Jun 7, 2013, 1:39 PM EST
The league’s anti-flopping policy that was put into place this season hasn’t exactly done a whole lot to curb the embarrassing effort of some players to exaggerate or invent contact to try to garner a favorable (if incorrect) foul call from the officials.
David Stern said as much in addressing the media before the start of the NBA Finals, while also mentioning that fines or other penalties might have to be increased for them to truly act as a deterrent to this particular type of conduct exhibited by a percentage of the players.
Dallas Mavericks owner Mark Cuban is taking it a step further, and he’s putting his money where his mouth is.
From ESPN Dallas:
One of Cuban’s companies has provided $100,000 to Southern Methodist University for an 18-month investigation of the forces involved in basketball collisions and try to figure out if video or other motion capture techniques can identify legitimate collisions and instances of flopping.
“The research findings could conceivably contribute to video reviews of flopping and the subsequent assignment of fines,” SMU biomechanics expert Peter G. Weyand, who leads the research team, said in a statement.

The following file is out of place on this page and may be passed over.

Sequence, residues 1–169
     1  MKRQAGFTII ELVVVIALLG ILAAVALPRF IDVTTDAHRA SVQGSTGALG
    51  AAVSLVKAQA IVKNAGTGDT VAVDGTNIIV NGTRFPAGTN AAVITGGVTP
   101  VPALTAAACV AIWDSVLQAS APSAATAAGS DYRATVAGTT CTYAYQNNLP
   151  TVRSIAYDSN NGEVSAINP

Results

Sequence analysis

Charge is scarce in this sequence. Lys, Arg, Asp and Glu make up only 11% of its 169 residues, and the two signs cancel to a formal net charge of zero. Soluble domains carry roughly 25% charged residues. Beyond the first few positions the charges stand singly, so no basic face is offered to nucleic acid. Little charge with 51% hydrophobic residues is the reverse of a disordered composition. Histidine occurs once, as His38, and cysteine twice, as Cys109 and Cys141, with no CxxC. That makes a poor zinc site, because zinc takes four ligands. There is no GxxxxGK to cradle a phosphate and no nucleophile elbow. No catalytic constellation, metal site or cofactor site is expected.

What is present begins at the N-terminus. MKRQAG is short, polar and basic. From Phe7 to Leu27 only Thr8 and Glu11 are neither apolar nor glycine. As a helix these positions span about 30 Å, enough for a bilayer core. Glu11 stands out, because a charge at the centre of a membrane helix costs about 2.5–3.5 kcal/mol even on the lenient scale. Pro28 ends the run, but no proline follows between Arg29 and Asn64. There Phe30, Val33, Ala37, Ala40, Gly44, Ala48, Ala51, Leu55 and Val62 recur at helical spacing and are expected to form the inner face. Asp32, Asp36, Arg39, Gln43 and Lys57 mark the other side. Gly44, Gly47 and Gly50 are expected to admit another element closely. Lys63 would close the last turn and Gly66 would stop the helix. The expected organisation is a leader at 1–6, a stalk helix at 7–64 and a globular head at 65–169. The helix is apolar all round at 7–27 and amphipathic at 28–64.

Cuban tweeted: “Is it a flop? Let the scientists figure it out . im paying for the research to find out.”
This is where it gets interesting.
While many of the flops we see on a nightly basis during the regular season are obvious, there are others that are not. Specifically, when defensive players hit the deck on a block/charge call, it isn’t always discernable whether or not they were hit with enough force that would actually cause them to be knocked off of their feet. When it’s a smaller player defending a larger one in these situations, it’s even easier for the defender to exaggerate the contact to the point where the referees would buy it simply based on the size of each.
We’ll have to wait and see whether the study bears meaningful results, or if there comes a day when technology can tell us with any certainty whether or not a player is truly hit on a play where the contact is clearly exaggerated.
Short of science helping us out, the best way to put a stop to it for good would be to escalate penalties all the way up to a suspension for the offensive behavior — and that’s not somewhere the league is willing to go just yet.
“We could end it immediately if we decided to suspend players,” Stern said. “But that might be a little Draconian at the moment.”
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